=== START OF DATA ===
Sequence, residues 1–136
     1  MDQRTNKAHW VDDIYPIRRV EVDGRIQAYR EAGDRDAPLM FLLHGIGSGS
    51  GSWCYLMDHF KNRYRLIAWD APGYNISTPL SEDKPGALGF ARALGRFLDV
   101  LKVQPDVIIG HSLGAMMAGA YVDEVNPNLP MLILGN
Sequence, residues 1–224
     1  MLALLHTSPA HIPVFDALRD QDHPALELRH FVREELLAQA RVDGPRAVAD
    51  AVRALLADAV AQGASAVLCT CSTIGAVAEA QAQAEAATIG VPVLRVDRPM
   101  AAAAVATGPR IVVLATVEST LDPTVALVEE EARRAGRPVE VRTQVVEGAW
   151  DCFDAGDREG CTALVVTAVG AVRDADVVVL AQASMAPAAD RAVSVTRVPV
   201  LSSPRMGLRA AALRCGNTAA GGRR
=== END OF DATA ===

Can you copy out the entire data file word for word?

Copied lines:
Sequence, residues 1–136
     1  MDQRTNKAHW VDDIYPIRRV EVDGRIQAYR EAGDRDAPLM FLLHGIGSGS
    51  GSWCYLMDHF KNRYRLIAWD APGYNISTPL SEDKPGALGF ARALGRFLDV
   101  LKVQPDVIIG HSLGAMMAGA YVDEVNPNLP MLILGN
Sequence, residues 1–224
     1  MLALLHTSPA HIPVFDALRD QDHPALELRH FVREELLAQA RVDGPRAVAD
    51  AVRALLADAV AQGASAVLCT CSTIGAVAEA QAQAEAATIG VPVLRVDRPM
   101  AAAAVATGPR IVVLATVEST LDPTVALVEE EARRAGRPVE VRTQVVEGAW
   151  DCFDAGDREG CTALVVTAVG AVRDADVVVL AQASMAPAAD RAVSVTRVPV
   201  LSSPRMGLRA AALRCGNTAA GGRR